The temperature of the smoke seems to have cooled down for the final parts of the Kristoff Cameroon, which makes for a better cigar. The bitterness dissipates and I find the flavors to have more life than before. Earthiness retakes the lead, though the nuttiness sticks around and is joined by leather and some subtle sweetness. The finish has nuttiness and grassiness overtop earthiness and bits of black pepper. Retrohaling flip flops parts of the profile bringing he nuttiness and black pepper on top, while barnyard and paprika emerge as secondary flavors, though the paprika is restricted to my throat. The finish has black pepper and paprika over barnyard and a bitter earthiness. Flavor is medium-full, though the finish is more mild-medium, body is medium and strength is mild-medium. Construction is great and my one previous complaint is now fixed.
- If you are wondering why I think this is a Short Story competitor, it’s because I’ve heard from retailers that Arturo Fuente has had issues keeping the Short Story in stock, creating a natural opening for another company to try to fill the gap. At the moment, four of our eight retail sponsors list the size as out of stock. Furthermore, there are not really that many alternatives in the form of a short perfecto with a Cameroon wrapper. The only other one that comes to mind is Oliva’s Serie G Special G. Given those circumstances, I’m somewhat surprised more companies aren’t trying to make Short Story competitors.
- As to why more companies don’t make a Cameroon-wrapped small perfecto, it’s probably due to the wrapper. Some factories don’t work with Cameroon tobacco, others use it sparingly, and then there are companies like Arturo Fuente and General Cigar Co. that use a lot of it. Cameroon is different than lots of other wrappers because one company—Meerapfel—dominates the sales of the tobacco. All those factors, combined with its higher price and unique traits mean some companies are unlikely to be able to make a product that could actually compete with a Short Story, especially when it comes to price.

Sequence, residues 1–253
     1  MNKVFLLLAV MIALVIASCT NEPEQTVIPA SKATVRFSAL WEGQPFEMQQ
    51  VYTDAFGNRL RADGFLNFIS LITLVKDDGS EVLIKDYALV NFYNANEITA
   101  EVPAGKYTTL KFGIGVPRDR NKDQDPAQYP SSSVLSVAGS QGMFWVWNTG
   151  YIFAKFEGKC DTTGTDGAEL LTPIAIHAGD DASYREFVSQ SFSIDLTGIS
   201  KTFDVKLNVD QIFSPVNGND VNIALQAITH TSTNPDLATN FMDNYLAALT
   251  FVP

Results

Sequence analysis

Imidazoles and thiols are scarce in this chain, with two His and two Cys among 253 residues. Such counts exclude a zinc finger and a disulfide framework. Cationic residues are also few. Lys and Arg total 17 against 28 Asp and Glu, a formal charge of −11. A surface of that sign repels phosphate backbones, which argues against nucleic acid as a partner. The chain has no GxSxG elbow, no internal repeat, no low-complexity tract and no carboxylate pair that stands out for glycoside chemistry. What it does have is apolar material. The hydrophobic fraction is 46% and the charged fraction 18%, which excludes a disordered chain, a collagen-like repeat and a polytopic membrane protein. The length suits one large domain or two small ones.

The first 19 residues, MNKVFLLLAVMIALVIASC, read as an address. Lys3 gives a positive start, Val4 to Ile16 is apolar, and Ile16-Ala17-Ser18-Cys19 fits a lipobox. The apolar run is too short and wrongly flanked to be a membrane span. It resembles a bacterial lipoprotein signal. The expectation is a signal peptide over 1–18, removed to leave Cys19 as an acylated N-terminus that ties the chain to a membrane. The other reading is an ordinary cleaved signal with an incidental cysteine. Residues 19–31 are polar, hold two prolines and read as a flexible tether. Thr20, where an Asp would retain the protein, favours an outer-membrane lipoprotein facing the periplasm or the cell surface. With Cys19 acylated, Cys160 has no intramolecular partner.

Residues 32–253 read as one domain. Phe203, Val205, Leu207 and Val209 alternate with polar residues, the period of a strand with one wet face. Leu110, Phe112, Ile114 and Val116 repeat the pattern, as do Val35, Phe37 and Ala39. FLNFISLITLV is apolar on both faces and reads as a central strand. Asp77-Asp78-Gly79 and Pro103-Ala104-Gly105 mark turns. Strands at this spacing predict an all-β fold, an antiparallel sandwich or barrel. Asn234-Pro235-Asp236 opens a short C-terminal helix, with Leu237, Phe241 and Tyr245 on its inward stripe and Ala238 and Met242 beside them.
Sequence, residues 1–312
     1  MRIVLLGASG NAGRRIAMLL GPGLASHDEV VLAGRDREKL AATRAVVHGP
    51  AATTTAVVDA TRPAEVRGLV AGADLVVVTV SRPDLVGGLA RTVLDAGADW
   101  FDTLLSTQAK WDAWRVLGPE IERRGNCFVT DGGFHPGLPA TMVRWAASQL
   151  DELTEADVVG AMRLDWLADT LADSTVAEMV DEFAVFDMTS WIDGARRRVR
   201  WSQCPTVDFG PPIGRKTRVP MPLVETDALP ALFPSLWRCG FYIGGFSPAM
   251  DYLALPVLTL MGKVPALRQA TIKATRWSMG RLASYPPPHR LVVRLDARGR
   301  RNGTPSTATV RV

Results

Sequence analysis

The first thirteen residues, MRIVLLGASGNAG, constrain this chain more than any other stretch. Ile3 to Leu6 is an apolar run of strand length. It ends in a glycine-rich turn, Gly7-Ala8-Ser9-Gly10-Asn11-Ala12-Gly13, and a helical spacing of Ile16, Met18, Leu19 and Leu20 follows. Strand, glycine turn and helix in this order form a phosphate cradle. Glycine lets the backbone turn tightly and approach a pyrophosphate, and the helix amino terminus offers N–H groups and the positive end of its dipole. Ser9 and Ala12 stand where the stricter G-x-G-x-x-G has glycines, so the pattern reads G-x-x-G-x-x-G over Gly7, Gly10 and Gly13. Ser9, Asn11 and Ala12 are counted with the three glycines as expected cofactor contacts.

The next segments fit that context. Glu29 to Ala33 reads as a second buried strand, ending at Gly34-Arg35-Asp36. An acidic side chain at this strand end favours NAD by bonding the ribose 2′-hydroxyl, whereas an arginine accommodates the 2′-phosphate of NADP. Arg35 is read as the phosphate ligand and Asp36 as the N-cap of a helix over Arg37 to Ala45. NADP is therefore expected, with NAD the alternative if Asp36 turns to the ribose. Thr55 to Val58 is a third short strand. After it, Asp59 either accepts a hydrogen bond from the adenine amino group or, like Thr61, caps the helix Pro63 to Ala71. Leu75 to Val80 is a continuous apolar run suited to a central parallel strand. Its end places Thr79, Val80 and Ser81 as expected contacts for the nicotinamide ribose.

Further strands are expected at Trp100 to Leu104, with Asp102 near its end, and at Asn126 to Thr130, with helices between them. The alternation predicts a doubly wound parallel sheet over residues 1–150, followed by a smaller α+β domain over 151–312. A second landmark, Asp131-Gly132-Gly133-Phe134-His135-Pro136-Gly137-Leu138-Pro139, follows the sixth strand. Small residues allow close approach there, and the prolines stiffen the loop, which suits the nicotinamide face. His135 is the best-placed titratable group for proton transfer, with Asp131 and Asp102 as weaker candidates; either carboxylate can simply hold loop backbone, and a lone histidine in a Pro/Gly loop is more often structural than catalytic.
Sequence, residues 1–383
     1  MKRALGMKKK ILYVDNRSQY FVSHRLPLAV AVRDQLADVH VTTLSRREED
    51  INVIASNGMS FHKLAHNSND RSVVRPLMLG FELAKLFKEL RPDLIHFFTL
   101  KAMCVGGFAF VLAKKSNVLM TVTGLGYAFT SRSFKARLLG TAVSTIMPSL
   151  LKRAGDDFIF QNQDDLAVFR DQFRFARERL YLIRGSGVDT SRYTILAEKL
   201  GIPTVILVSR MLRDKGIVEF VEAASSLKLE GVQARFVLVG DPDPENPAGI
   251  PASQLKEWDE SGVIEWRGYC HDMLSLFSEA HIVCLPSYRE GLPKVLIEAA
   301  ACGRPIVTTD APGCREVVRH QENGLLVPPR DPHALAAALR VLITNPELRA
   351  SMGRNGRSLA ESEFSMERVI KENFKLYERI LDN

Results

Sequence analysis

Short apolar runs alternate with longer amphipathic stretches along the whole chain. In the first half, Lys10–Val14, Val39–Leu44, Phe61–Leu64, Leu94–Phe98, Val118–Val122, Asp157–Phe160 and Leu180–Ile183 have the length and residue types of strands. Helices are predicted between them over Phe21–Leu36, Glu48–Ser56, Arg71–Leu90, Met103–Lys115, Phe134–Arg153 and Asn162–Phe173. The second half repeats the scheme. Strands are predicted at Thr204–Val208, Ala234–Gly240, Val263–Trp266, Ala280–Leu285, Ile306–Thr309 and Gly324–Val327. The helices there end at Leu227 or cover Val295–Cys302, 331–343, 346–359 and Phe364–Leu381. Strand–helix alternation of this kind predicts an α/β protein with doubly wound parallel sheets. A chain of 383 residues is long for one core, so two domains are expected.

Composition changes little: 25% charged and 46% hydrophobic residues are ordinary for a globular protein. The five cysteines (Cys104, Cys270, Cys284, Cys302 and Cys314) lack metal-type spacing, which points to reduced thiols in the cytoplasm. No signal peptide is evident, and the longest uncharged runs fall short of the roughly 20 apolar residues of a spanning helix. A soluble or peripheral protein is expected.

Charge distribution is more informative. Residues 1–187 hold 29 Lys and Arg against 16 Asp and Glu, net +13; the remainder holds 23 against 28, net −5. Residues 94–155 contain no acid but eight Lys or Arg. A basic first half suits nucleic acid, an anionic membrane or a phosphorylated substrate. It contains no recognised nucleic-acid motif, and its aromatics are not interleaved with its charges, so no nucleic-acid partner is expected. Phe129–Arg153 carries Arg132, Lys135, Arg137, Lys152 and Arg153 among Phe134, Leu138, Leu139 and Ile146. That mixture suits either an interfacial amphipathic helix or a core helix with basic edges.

- The band is placed just over the halfway point of the cigar, a lot lower than most cigars.
- Construction was excellent on all three cigars.
- Because of how short this cigar is, I’m not sure how sensible it is to review this cigar in thirds. It’s particularly tough after the first third where a handful of puffs can amount to 10 percent of the cigar burning.
- While I found some of the classic Cameroon signatures—the earthiness and underlying sweetness—I didn’t get the sharp white pepper I oftentimes find when retrohaling cigars with a Cameroon wrapper.
- While it might look rugged, Cameroon wrappers are uniquely susceptible to cracking in drier environments, something that happens more in winter.
- If you are smoking outside in the cold, I’d probably avoid a cigar with a Cameroon wrapper. Fortunately, inside the halfwheel office we can control the humidity when needed.
- Cigars for this review were purchased by halfwheel.
- Final smoking time for two cigars was right around one hour. One cigar took much longer to smoke, closer to 90 minutes.
- Site sponsor Atlantic Cigar Co. carries the Kristoff Cameroon Figurado.
I wonder what this cigar would taste like if the smoke was at a normal temperature. The smoke that entered my mouth was warmer than what I normally find on a cigar and I found the flavors to be muted, things that are oftentimes related. Perhaps more time in the humidor solves this issue, perhaps subsequent batches won’t burn like this, perhaps this is just what happens with this blend in this vitola. If you are hoping that this is an alternative to the Short Story, I think it looks more like a Short Story than it tastes like one. Regardless, if you want a short dose of Cameroon flavors, this mostly fits the bill.